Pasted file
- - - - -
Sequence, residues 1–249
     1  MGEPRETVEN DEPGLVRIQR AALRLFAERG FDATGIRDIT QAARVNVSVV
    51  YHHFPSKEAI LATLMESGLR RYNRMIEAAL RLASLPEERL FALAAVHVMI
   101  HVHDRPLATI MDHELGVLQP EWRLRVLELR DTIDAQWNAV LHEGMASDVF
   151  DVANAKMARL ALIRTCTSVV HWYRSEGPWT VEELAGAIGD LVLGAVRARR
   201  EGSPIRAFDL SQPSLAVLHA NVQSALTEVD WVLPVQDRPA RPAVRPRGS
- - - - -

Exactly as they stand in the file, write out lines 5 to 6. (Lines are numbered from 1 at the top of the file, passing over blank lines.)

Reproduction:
   151  DVANAKMARL ALIRTCTSVV HWYRSEGPWT VEELAGAIGD LVLGAVRARR
   201  EGSPIRAFDL SQPSLAVLHA NVQSALTEVD WVLPVQDRPA RPAVRPRGS